The following story has been altered to reflect my current beliefs about Kobe Bryant. Jan. 26, when I was writing this column, I was still processing everything that’s happened, from the good to the bad. That’s what was reflected in the initial version of this article. It’s one thing to include an accusation of rape and have that as a sole impact affecting legacy. But it’s another thing to not include the laundry list of community-oriented actions he’s done in his post-NBA career. Yesterday, I’ve made that mistake. Below is a revised version of my column.
If I were to tell you I wasn’t a Kobe Bryant fan, I’d be lying. Ever since I was a kid, I remember watching my late grandma hobble to her Saint John Paul shrine and pray to God for the Lakers to win. Witnessing her low hums of prayer was like my baptism as a second-generation Laker fan.
I watched Kobe and Shaq send off the Portland Trail Blazers in 2000 with an alley-oop that reverberated the annals of NBA history. In 2006, I watched Kobe sizzle the Toronto Raptors in an 81-point feat, proud that he scored so much in the one and only game my parents would ever attend. That same year, I was startled to hear sports commentator Mike Breen yell “Bang!” underneath the oohs and ahs of a Kobe game winner against Phoenix Suns defender Boris Diaw.
Kobe’s gonna do what Kobe’s gonna do.
On a random Tuesday in 2016, I sat in a college classroom febrile with caffeinated energy and nothing to quell it. Back then I used to scroll through endless listings on eBay looking to find one more Champion jersey to add to my collection. No boxy V-necks, just old ‘90s round necks.
I remember bidding on a “Kobe Bryant Lakers yellow jersey size small,” and winning it with a generous offer of $25.50.
I was pumped. I spent the rest of the two hours of class watching Kobe game winners and highlights.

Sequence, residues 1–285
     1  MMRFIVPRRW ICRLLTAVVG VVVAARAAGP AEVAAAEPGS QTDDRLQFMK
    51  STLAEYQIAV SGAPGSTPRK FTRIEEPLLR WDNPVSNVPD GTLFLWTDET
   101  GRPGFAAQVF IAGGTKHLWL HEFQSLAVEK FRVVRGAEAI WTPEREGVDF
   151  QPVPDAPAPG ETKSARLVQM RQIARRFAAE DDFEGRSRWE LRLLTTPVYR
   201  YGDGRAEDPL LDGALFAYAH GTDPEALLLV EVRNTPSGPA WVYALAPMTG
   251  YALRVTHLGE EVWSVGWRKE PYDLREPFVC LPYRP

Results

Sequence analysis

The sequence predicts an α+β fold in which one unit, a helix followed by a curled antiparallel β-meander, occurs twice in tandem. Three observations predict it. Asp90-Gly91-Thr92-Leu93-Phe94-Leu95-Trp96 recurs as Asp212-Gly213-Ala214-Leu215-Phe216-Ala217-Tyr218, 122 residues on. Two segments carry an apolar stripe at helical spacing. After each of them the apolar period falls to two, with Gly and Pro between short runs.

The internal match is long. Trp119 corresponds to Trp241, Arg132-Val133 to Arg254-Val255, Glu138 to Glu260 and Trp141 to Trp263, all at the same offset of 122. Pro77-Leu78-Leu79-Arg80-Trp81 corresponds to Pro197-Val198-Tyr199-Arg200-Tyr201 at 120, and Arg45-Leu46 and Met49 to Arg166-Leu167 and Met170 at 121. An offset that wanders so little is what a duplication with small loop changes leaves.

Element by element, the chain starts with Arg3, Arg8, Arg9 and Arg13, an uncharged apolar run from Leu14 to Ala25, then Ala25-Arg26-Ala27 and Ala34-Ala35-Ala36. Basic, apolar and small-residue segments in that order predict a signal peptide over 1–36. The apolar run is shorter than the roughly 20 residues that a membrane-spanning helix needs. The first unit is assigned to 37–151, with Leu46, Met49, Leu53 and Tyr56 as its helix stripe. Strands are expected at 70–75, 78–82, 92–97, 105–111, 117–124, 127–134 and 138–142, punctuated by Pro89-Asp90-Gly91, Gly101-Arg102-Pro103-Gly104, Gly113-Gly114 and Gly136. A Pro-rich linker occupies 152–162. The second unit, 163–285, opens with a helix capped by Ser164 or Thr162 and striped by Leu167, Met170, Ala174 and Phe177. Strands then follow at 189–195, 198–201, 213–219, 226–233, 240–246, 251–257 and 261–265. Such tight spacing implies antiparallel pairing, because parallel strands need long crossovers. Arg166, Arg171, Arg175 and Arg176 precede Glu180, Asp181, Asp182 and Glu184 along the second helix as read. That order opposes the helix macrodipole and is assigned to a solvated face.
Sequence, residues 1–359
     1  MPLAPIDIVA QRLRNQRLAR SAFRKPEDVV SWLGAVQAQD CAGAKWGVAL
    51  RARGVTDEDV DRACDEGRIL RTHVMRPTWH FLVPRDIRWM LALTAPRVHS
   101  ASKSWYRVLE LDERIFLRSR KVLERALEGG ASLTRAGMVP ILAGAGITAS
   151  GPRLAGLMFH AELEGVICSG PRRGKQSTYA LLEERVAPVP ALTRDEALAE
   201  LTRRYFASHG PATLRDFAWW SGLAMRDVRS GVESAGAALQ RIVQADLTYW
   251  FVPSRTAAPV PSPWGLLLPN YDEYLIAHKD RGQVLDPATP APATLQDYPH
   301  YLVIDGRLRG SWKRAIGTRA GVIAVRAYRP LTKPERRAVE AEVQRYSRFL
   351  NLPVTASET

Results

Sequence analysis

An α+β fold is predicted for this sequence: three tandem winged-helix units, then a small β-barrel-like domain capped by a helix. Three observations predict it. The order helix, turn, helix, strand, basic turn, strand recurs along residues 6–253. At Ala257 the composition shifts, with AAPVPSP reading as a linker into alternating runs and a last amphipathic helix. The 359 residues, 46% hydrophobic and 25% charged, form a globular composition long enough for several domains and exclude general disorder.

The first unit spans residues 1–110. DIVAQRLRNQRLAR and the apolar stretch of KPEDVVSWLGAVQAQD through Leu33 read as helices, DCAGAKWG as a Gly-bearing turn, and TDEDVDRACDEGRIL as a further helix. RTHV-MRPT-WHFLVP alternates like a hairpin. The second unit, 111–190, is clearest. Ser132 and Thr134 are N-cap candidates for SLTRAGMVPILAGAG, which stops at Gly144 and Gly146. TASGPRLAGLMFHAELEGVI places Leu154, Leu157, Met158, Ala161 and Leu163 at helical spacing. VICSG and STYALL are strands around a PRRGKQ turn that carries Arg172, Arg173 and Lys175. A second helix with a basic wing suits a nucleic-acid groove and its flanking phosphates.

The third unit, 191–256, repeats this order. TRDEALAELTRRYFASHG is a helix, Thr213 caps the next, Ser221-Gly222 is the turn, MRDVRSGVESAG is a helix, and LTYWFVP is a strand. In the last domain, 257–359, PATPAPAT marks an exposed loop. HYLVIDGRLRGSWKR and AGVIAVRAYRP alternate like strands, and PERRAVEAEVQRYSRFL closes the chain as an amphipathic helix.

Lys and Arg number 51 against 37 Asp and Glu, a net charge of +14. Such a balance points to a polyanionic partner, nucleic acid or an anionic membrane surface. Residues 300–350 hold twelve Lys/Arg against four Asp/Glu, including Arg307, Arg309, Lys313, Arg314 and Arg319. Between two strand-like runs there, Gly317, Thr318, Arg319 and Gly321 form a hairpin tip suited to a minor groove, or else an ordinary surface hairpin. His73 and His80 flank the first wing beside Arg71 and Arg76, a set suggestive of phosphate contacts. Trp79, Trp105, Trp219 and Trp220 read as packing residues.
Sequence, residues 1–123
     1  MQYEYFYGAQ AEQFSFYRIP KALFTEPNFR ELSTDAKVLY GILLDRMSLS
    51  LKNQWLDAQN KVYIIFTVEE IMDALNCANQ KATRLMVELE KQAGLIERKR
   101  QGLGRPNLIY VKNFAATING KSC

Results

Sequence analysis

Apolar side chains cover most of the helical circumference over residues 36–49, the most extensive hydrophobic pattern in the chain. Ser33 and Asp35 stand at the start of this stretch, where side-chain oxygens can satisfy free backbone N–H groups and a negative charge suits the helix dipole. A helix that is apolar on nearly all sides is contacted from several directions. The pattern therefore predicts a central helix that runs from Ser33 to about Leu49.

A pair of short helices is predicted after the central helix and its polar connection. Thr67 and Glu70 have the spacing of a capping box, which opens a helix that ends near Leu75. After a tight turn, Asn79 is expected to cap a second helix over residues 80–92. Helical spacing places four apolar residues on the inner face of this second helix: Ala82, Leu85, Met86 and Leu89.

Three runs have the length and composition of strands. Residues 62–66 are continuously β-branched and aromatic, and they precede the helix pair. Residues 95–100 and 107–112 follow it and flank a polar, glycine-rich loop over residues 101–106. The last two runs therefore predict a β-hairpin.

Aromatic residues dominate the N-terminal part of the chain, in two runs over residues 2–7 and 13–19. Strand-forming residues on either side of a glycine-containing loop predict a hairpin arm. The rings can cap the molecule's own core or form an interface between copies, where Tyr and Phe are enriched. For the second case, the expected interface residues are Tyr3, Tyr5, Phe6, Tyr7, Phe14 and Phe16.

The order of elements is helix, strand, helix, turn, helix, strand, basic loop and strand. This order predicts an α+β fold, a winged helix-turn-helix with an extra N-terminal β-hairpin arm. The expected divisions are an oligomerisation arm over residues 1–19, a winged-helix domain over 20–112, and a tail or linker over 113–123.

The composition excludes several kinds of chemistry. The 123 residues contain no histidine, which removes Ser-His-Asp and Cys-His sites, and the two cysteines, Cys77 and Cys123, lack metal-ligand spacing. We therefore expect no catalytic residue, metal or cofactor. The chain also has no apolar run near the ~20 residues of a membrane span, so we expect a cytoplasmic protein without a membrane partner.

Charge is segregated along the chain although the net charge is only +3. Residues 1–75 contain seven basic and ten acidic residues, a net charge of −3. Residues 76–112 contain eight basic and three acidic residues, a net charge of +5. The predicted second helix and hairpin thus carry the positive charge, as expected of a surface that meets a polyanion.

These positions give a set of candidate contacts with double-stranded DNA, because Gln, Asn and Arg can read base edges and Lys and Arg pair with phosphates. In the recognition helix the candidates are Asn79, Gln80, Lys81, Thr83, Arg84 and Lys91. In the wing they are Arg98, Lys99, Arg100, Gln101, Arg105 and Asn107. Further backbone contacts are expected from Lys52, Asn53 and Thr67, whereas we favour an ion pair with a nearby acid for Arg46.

Just a few months prior to my transaction, Kobe gifted Lakers fans with a 60-point win against the not-so-competitive Utah Jazz (the opposing team had just found out they would not reach the playoffs mid-game). But then too, I was pumped.
I received my jersey days after I ordering. It was a gold classic jersey emblazoned with a ripe purple “8” swelled across the chest. The screen print glistened. No cracks. But its white collar stained with an orange blemish.
Today, I opened my Twitter feed and joined the universal shock of millions. Some tweeted prayers hoping that the headlines were fake. Others posted pictures of his legendary feats frozen in time, captioned with the endearing “G.O.A.T.” title.
Among the headlines of his greatness – a laundry list of achievements including his five championship rings and his 18 All Star appearances – comes the resurfacing of his not-so-perfect moments.
Seventeen years ago, rape allegations against Kobe permeated headlines, where at the time my family and I shared cognitive dissonance to the situation. We dismissed the situation because everything eventually blew over; we ignored the reports of potential non-consent, ignored the reports claiming he asked the police if he can pay up to quell the situation.
But these stories continued to creep up. Articles of concern and boycotts were met with the basketball star’s Oscar nomination for animated short “Dear Basketball.”
That pedestal that I put Kobe on leveled with the ground. But just as social media can cancel, it can heal.
The last meme of a very much alive Kobe was him talking strategy courtside with his daughter Gianna Bryant, who also died in the helicopter crash. I watched the resurfaced videos of him directing traffic in Newport Beach last year after a car crash. He was donned in a pink sweatsuit, not in white robes and a white beard.
When Kobe retired, people don’t remember him fashioning a lifestyle of glitz and gold. He ducked down, embracing his community and using his status and skill to elevate the next generation of women’s basketball, even opening up Mamba Sports Academy for both adults and youth to cultivate their sports abilities.
Kobe Bryant isn’t perfect. It’s faulty to think that he is, to ignore past grave faults simply because some believe his legacy outweighs negative incidents. If there’s one thing that’s certain: He’s a man with great basketball prowess, exceeding most of the best players in NBA history. But his past personal decisions and decree to improve himself and his community are all too human.
Today, I look at my old yellow jersey fondly, remembering the greatness he brought to the court. I examine the stain on its white collar, staring at it longingly wishing it were never there.
I will never forget Kobe Bryant, whose legacy of late game heroics cultivated my childhood. But I will remember him as a man who fell to earth and became one of us.
Due to community concerns, this article was edited for clarity and sensitivity on Jan. 27 at 2:52 p.m.
This article was updated and added to on Jan. 27 at 11:22 p.m.